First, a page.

Well, Saturday I left for home, and despite my arriving at Osaka-Kansai Airport two hours in advance, I nearly missed my plane, since the slow employees of Northwest took a good 45 minutes to check people in, then security, and my plane was leaving 10 minutes early (since when do planes leave EARLY?!?!?!?), and immigration-that-i-didn't-realize-was-necessary that caused me to panic since i couldn't read the signs and Aki wasn't with me after security and my plane was supposedly already boarding (they let me cut to the front of the immigration line) and then a tram to my gate. Whew. Then a twelve-hour flight to Detroit–fun times. Layover in Detroit. Flight back to LA. Finally home. Anyway, sorry if my blog hasn't been very interesting lately, unless you happen to be planning a trip to Japan. I wanted to get everything in order for myself to help me remember my trip. I'll get back to normal now. Not that that's more interesting, anyway.
Since I've started the Japan trip entries, the world has kept turning. We lost two great directors. Merv Griffin, who funds an orchestra I play in, also passed away.
I finished reading Harry Potter and the Deathly Hallows, and I was so RIGHT about Snape, for the record. I enjoyed it, though I could have done without the epilogue, thanks.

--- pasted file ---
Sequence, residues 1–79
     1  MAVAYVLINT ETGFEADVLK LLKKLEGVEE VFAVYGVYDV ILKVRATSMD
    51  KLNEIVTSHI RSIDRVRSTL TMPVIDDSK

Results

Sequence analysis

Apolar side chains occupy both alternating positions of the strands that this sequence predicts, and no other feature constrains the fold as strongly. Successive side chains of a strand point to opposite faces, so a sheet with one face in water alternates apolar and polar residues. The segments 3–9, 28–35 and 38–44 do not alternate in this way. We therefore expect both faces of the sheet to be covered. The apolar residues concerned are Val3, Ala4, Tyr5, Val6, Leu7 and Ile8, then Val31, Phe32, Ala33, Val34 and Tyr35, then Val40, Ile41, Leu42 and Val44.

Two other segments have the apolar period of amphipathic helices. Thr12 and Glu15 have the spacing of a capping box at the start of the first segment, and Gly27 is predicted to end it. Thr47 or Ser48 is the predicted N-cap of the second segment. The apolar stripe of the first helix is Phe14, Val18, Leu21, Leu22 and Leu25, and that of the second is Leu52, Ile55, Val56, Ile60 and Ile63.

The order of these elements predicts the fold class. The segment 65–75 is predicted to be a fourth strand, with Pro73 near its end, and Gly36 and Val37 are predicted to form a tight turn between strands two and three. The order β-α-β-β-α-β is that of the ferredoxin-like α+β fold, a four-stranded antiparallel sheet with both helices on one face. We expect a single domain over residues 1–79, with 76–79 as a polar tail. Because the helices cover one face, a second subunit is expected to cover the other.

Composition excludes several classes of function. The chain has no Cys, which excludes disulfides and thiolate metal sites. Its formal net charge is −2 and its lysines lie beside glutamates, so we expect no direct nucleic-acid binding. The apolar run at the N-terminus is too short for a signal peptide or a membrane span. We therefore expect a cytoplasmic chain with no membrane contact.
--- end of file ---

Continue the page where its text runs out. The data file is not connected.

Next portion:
I've taken an audition for which I was unprepared, but it helped me get ready for school, which starts tomorrow. My last year of school! Almost 20 years straight. Yikes. And it went OK, but gosh I wish I had a better reed! I mean, I usually do, but I REALLY do right now. I don't think I like this Victoria cane as much as I thought I should (or for its price). I might stop by RDG soon and get something else.
Several of my friends have now moved, and a few even have gotten their first orchestral jobs (congratulations to Jamie, Michael, and Julianne!!!). I will miss those who are leaving very much.
And I came across an interesting quote from Italo Calvino, in a collection of his short stories called Numbers in the Dark. This story is called "Henry Ford," and presents an Italian perspective on the quintessential American Man, Henry Ford:
"So, just as ecology originates in the culture that produced pollution, so antique dealing originates from the same culture that imposed the new things that have replaced the old."